If you’re a football fan, you’ll be aware that Sheffield Wednesday and Hull will be battling it out for promotion to the Premier League in next Saturday’s Championship play-off final. Whichever team wins will leave their fans joyous, their city proud and their accountants rubbing their hands with glee. Promotion guarantees increased revenue, profits and greater interest in the club. Even those who elect to follow the League rather than a particular team will sit up and take notice.

With this in mind, it’s always worth keeping an eye on which companies may, over time, win promotion to the FTSE100. In a similar way to those casual football fans, promotion to the market’s biggest league means increased attention from index fund managers who are required to invest as soon as they enter it. Today, I’ll focus on two promotion hopefuls that could join the best of the best if their share prices keep rising.

Safety first

Halma (LSE:HLMA) is a group of almost 50 companies operating in 23 countries. Its products detect hazards, safeguard life, protect the environment and improve personal and public health. In other words, Halma’s in the non-cyclical business of keeping us safe and sound.  Over the years (and due to canny investment and prudent acquisitions), this company has shown the sort of earnings growth that makes it the envy of companies in the FTSE250, despite not garnering the headlines afforded to others. 

Indeed, Halma’s decision to pursue growth over rewarding shareholders means that the dividend yield isn’t outstanding. This year’s forecast yield of just under 1.5% may put some investors off. That said, this £3.4bn cap has consistently raised its dividend every year for the last 36 years. Given that health and safety legislation will only grow in the future, I see no reason why this performance can’t continue. Halma will announce its full-year results on 14 June.

Revving up for glory

In sharp contrast to Halma, Auto Trader (LSE:AUTO) is arguably more familiar to UK consumers. Indeed, the company’s own website boasts that 92% of us know about the automotive online marketplace (or, at the very least, its now defunct print title) and that 65% of all used car transactions in the UK involve cars advertised there.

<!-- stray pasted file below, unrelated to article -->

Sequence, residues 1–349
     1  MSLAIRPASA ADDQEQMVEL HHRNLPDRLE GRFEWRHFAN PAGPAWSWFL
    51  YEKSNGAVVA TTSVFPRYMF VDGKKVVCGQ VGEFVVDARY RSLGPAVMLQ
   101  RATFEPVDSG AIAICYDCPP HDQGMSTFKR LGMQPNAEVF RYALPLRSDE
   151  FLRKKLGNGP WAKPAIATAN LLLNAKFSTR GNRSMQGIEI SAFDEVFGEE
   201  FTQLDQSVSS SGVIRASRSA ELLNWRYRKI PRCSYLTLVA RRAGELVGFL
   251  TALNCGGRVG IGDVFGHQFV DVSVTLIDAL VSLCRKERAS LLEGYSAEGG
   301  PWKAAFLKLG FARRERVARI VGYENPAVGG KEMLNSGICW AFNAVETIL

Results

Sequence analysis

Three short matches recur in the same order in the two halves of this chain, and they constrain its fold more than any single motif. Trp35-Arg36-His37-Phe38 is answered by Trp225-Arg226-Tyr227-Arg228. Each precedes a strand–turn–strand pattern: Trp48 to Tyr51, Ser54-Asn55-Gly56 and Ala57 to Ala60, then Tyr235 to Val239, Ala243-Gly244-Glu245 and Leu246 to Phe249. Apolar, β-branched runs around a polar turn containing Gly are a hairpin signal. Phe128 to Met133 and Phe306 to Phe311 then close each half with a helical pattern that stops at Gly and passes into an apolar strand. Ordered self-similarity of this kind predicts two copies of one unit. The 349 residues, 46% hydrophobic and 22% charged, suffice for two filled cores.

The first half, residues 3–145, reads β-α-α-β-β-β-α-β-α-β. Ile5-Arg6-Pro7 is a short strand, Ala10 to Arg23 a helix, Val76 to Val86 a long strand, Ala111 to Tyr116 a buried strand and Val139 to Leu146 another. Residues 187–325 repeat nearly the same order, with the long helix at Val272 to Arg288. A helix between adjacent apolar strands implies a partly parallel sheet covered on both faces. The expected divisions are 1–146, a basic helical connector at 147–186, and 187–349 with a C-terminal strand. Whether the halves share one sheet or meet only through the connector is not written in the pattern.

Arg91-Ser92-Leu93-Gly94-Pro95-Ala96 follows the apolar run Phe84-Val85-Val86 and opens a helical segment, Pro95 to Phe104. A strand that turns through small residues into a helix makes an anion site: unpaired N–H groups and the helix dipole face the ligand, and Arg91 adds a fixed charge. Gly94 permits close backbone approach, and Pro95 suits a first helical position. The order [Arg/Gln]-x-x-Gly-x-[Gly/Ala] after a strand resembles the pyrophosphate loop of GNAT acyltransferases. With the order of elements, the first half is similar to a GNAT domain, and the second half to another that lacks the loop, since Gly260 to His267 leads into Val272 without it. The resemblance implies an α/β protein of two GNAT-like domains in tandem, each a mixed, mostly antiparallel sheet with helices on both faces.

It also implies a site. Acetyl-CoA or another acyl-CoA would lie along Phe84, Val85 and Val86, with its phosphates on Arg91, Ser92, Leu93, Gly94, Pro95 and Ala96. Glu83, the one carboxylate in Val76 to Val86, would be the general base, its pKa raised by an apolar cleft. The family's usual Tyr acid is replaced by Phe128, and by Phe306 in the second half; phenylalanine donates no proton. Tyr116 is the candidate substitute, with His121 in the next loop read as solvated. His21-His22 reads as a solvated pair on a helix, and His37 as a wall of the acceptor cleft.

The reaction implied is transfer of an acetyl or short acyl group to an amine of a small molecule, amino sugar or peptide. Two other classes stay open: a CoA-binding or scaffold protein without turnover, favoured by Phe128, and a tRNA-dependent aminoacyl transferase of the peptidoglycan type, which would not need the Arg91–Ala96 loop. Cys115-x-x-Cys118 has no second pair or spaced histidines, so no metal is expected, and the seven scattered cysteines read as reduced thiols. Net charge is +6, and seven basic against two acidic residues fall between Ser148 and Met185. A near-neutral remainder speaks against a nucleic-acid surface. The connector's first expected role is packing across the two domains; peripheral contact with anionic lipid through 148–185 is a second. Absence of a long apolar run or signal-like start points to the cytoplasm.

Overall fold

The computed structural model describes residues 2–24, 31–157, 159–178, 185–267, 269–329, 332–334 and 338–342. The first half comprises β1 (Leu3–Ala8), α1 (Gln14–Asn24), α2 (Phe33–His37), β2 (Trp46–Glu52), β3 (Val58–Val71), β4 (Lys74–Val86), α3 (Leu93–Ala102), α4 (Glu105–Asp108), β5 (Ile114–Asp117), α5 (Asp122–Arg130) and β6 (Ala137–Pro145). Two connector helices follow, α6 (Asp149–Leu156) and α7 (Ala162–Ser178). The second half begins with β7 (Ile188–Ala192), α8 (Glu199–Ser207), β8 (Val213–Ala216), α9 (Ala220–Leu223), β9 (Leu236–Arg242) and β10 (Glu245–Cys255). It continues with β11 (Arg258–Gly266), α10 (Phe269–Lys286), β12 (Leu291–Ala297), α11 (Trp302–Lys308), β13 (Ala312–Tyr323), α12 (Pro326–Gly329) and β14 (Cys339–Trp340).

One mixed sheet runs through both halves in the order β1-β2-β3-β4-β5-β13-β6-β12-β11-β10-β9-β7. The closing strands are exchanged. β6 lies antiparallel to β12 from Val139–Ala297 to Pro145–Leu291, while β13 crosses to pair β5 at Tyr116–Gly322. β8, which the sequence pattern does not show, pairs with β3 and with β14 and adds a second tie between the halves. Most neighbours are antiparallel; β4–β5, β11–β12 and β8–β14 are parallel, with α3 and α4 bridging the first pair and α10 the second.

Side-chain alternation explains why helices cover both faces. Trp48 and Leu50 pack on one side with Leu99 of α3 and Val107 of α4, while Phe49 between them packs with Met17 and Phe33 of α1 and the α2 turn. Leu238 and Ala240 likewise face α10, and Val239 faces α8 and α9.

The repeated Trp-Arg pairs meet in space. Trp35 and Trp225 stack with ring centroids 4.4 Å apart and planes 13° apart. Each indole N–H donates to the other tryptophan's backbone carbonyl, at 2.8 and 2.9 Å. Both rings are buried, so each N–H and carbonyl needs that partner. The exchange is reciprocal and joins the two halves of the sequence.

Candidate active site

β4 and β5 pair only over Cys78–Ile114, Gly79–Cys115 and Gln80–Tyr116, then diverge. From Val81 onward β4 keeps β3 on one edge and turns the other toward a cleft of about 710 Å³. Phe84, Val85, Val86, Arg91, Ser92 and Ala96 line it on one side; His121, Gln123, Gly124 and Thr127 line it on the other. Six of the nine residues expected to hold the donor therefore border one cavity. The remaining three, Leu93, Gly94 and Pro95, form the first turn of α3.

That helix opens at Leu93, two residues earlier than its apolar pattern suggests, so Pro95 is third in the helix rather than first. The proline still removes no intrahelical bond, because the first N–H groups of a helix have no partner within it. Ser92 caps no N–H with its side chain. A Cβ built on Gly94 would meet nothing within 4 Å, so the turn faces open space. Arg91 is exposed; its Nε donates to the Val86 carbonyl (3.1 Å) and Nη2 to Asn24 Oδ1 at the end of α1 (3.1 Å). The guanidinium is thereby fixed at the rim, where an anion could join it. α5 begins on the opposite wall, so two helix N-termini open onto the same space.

Arriving on the market last March, the company’s share price has since accelerated to 384p from 266p. A trading update in February predicted that underlying operating profit will be in the range of £169m to £171m by the time full-year results are announced on 9 June. Positively, this is “marginally ahead of current market expectations,” according to the company. Assuming there have been no surprises over the last few months, now may be a good time to add this £3.8bn cap to your portfolio.

Reassuringly expensive?

Will either company breach the FTSE100? If profits continue to grow, more investors will consider parking their cash with these market-leading companies. If this happens, the capitalisation of each may make them too large to remain in the FTSE250, making promotion and increased attention from index funds a formality.

These shares are unlikely to appeal to more value-oriented investors, however. Halma has a forecast rolling P/E ratio of almost 24. AutoTrader’s P/E is higher at just under 27, according to Stockopedia. Clearly, these will be costly additions to any portfolio. Whether they’re worth paying for must be your decision.

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Paul Summers owns shares in Halma. The Motley Fool UK has recommended Auto Trader. We Fools don't all hold the same opinions, but we all believe that considering a diverse range of insights makes us better investors.